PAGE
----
Ensuring Your Relationship Survives When You Move in Together

Darryl Bachmeier
Aug 20, 2020

Cohabitation may not seem that different to couples who already spend the majority of their time together. In fact, it may even sound like the next step in a relationship once you’ve reached that level of comfort. But it is a big deal and can wreak havoc on stable relationships if not timed well. Worse may be in order if the person you’re about to move in with isn’t the right one! We suggest taking some steps before you shack up:

Talk about the Money

A very glaring indicator that proves – or disproves – if you should live with each other is your position on finances. Not being on the same page may make things difficult later on. Moreover, it’s not just about knowing how much the other person earns per month. Love won’t be paying the rent or cable bill, and it shouldn’t be the only basis when you decide in favor of cohabitation. Your discussion should follow along the lines of who is earning more vs. who will be doing the major spending. It should also involve the decision of which of the two of you will pay for what. Sharing the debt-to-income ratio, take-home pay, and credit score are a few of the things that make cohabitation go more smoothly.

Get Rid of the Bad Arguments

Arguments happen in every relationship. They are actually a sign that the couple in question are communicating. But if you two mostly have bad arguments, it’s not the same thing. Disagreements that result in a cooling off period and then teach you more about how you function together are healthy. However, if your fights and spats don’t work that way, you might want to hold on to your apartment – or they, theirs! Bad arguments usually end when you brush off the subject of the fight and don’t resolve issues. This can let bitterness in, and it starts to fester. Healthy relationships come with arguments, albeit ones that get resolved. Imagine how frequent fighting will turn out when you have to share your living room, kitchen, and bathroom with that person!

Discuss Breaking up

You might think this a huge leap, going from hostile arguments to breakups, but that isn’t why you need to talk about it. Before you begin to live together, address what will happen should you break up. Couples go their own ways all the time. However difficult it is to discuss this, plan what you intend to do if that happens to you two. Details such as the friends you share, the fate of the pet you adopted together, and who will keep the apartment you jointly occupy, are all important. Have the plan and the breakup – if it even happens – will be more amicable or at least, less messy.

Knowing What Takes the Other’s Goat

Do you recall the spats you had with your siblings as kids? Those could be about anything from leaving the lights on to keeping the bedroom closed when in bed. Little things will get blown out of proportion and piss you right off when you live with anyone other than yourself. It won’t be much different in that regard if you move in with your partner. Finding out whether they want the dog in your bed at night beforehand can put paid to such frustrations. Consider each other’s living habits to ensure they are compatible. If they aren’t, then converse, and find out a workable alternative.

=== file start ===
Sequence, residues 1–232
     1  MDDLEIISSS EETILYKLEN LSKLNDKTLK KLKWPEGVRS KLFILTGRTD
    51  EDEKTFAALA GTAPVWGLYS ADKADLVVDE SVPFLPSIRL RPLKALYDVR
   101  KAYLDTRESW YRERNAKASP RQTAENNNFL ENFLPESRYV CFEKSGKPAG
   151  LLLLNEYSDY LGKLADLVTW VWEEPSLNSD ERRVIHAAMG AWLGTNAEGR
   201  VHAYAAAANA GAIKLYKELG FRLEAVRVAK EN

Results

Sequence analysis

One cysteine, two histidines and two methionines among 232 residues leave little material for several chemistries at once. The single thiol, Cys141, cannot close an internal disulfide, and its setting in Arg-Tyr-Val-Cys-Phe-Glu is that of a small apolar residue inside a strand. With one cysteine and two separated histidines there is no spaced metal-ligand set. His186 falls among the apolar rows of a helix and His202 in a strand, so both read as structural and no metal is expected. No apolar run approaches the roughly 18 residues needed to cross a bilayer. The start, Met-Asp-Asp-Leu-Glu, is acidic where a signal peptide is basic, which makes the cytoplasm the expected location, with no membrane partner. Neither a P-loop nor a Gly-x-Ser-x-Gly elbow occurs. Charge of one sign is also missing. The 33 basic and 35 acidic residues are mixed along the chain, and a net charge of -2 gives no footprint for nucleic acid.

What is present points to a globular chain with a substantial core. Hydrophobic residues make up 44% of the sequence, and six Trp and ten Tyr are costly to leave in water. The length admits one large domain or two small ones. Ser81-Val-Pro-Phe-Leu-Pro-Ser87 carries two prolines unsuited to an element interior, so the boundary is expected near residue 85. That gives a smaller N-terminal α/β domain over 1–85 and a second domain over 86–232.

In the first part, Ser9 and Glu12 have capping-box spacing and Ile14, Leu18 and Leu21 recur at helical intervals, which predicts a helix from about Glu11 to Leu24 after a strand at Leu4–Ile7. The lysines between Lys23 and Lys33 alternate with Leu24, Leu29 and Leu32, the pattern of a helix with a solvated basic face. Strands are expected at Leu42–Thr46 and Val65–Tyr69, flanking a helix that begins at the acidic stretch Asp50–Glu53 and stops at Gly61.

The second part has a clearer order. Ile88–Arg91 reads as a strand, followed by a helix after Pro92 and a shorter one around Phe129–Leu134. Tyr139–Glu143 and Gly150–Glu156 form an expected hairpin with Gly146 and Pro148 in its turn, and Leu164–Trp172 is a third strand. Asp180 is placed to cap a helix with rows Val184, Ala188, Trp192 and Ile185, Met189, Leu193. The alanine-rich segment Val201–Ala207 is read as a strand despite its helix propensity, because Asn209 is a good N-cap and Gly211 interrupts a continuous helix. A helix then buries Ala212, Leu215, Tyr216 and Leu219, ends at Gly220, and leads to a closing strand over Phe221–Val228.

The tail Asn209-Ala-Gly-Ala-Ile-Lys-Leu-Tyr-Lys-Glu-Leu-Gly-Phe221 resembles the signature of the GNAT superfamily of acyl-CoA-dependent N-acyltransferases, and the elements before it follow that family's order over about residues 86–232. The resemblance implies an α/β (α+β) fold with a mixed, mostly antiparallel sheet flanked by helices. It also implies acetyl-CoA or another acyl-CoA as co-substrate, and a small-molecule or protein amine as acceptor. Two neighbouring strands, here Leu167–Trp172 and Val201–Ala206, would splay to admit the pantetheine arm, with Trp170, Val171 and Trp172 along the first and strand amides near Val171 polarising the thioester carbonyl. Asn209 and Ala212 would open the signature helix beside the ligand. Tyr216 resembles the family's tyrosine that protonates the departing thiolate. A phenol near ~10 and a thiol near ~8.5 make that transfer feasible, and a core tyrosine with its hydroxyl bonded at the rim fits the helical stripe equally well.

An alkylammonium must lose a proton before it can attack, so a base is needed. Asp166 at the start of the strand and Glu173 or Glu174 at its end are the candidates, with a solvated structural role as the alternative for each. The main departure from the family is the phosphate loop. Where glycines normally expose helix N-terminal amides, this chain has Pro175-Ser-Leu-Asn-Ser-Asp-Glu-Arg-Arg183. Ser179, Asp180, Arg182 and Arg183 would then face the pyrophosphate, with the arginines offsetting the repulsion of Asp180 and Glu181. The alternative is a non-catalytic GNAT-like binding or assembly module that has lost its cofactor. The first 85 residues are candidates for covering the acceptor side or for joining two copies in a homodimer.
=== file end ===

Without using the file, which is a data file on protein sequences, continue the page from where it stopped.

Take out the Dictionary

It might be a surprise, but the same word can have different meanings for different people! You may think a surface-level cleaning job suffices as “tidying up.” The partner, on the other hand, could be referring to a no-holds-barred attack on dust everywhere. People who live clutter-free lives will not do well with someone who leaves coffee mugs lying around. Know each other’s cleanliness preferences because they can become a huge pain in relationships. Even if you don’t use the same dictionary, attempt to find a definition that mostly suits you both. Contrary to what couples believe, living together isn’t how you test compatibility. Instead, planning activities that are low-cost and low-commitment will show you how well you work together. Don’t take on the responsibility of what is akin to running a small corporation together before you know how you gel with each other. We’d suggest taking short trips with each other before moving in. Attending classes or relationship retreats can work too. For couples with shared interests, trying out a hobby or sport with each other can make things less stressful. For those who plan to have kids right away, babysit someone else’s offspring before you create one of your own! In short, sliding into a long-term and ill-fitting relationship is the worst way to start living with someone. Try the tips we have mentioned, and you won’t be sliding into cohabitation but consciously deciding what will lead to your happier ever after!

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